When I play Minecraft with my 6yo daughter (AquaVera), the first thing I can't help think about is all learning that is going on. But, with a second thought, all that enlighten learning wouldn't take place if she were playing alone. And this is not a boy girl issue, it's when you play over generations and learn from each other. 

How can I be so sure? 
Well, best example is "Everyday Minecraft" with Adam Clarke and his son Django. There's no epic mission to slay the dragon and conquer the world, instead there's small epic missions for the day: create a bed (you need to find sheep), start a farm (you need to eat), create better tools, create a proper nice base camp. 

"Everyday Minecraft" should been watching every once in a while of parents and kids as it's very inspiring what you really could achieve with a computer game if you are aware of it. 

We have the same epic goals; yesterday we went out to try find horses so we could start breed puppies and of course, create a stable to them. Now we happened to find sheep as well, so we "had" to take care of them...

In our acquaintance 
there's parents who don't know, understand or even care what their kids play. These kids have most often one primary goal, the epic mission: slay the dragonThis is pity as you could use a game to so much, for an example "The Minecraft Student - Minecraft Mod Review" a great way of learning math!

To be able to "slay the dragon" you sometimes (in games like World of Warcraft) have to collaborate with others, who you trust can do their part as professionals. You have to communicate to be successful. But in the very end, you do it for yourself, to get better gear or whatever. In games as World of Tanks you are a part of a team, where the group is more important but here we talk match and series, as ice hockey or soccer. 

But as long as no one enlighten you, there's no consciously learning going on because you also feel bad when you play more than your parents want. It doesn't matter if it's about kids in my daughters age or my students (+10 years), they still need someone to enlighten the learning to be able to achieve it.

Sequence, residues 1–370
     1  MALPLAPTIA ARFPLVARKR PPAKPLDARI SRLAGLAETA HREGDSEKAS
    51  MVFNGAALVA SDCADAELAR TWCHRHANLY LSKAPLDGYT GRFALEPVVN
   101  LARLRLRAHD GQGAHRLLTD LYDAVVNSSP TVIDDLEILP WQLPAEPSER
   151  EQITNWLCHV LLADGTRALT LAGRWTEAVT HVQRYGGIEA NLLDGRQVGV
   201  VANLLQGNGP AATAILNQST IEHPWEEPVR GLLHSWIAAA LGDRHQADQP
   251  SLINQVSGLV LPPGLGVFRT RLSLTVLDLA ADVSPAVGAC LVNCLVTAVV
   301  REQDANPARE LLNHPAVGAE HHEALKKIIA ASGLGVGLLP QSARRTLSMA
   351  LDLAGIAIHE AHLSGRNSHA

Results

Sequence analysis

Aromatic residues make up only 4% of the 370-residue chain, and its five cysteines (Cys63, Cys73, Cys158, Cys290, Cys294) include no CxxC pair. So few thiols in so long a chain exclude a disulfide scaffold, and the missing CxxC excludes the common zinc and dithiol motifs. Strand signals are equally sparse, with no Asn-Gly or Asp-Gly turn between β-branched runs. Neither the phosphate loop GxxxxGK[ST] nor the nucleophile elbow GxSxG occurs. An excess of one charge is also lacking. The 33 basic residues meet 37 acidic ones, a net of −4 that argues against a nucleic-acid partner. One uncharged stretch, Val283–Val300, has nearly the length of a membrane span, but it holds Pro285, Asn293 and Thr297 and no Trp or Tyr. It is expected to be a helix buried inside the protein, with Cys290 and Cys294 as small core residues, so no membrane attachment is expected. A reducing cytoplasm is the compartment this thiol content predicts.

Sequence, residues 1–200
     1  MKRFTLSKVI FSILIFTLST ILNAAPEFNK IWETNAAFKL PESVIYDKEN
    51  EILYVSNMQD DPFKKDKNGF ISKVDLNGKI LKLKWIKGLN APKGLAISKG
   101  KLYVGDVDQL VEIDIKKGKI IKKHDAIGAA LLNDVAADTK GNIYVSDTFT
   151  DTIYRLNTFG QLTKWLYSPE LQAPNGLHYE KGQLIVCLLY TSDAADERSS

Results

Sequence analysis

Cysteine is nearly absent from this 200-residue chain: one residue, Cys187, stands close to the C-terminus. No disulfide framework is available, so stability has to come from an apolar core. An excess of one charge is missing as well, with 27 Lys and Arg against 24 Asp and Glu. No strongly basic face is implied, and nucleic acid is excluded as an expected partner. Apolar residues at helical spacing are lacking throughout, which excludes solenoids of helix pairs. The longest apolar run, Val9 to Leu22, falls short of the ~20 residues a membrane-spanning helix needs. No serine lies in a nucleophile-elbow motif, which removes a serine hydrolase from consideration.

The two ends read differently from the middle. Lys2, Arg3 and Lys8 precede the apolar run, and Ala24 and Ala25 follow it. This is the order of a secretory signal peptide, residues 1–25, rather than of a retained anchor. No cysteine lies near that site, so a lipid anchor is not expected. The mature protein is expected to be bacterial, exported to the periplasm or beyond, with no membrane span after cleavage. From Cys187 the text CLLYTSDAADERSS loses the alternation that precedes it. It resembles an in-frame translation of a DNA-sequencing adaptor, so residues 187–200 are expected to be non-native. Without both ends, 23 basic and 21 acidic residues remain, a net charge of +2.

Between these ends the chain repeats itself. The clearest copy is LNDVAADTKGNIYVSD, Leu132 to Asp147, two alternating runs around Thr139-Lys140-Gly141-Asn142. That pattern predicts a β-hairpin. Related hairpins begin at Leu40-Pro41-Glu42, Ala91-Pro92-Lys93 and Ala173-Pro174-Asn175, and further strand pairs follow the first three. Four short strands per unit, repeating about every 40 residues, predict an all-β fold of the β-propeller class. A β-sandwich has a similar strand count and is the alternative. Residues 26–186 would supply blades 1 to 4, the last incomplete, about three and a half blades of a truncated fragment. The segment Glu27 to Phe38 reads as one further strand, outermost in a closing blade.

This is kind of my problem at the moment.

There's another side as well (of course): how our students work and behave. I'm sorry, but they really suck at information retrieval. When they hit the very first wall of adversity they give up. If it's not a game... 

I have for a couple of weeks having this course using both MinecraftEDU and ComputerCraftEDU, with a goal to reach out to the first years students (16-18yo) and get them more interested in code by gaming. As I know they're brilliant what comes to problem solve when gaming, I hope they also understand that's an important part during class when you're doing code (or school tasks). Don't give up if it's not working on the first attempt! Besides get them interested into coding I also want them to understand you can (and must do) information retrieval when you code!

This course when using ComputerCraftEDU in classroom has been a truly success! Many students refuse to leave until the lessons end, no matter if the Internet are not working (happened!), when the server is too laggy (happened!) or even if we have problems with the tech (happened!). When I'm ready to give up and tell them it's okay to go, half the class stays with the argument "the course ends at 19:10, we have another 45 min to hope for a miracle!" 

When has that ever happened before?
We have all started the day between 8:00 and 08:30, 10 hours later they still have energy to require we end as scheduled 19:10 (and then I have to literally kick them out!)

They buy the explanation to use a game to learn something, and I can see that information gives them the aha-feeling: I am really learning something useful when I play and when I have played (Confirmation. Enlighten.)

The problem I usually have is when some students who runs own servers comes and want admin, operator access and want to install their own favorite bukkit mods. They have very hard to understand (and accept) there's actually a learning environment, an EDU-version, to their favorite game.

This time I have given them the tools to make code but nothing else as I assume they're lazy enough to want have turtles doing the boring work for them. In the following courses I will have some more specific quests for them like math, thanks to Shane Asselstine (Hawaii) who opened my eyes with thoughts like these ones:

Have them calculate how much wheat they would need to grow to survive for a day. It is harder than it seems. Then how much for a week? How much for a month?

Are there better sources of food that would be more effective? How do you measure the effectiveness? Can you give it data and compare the numbers?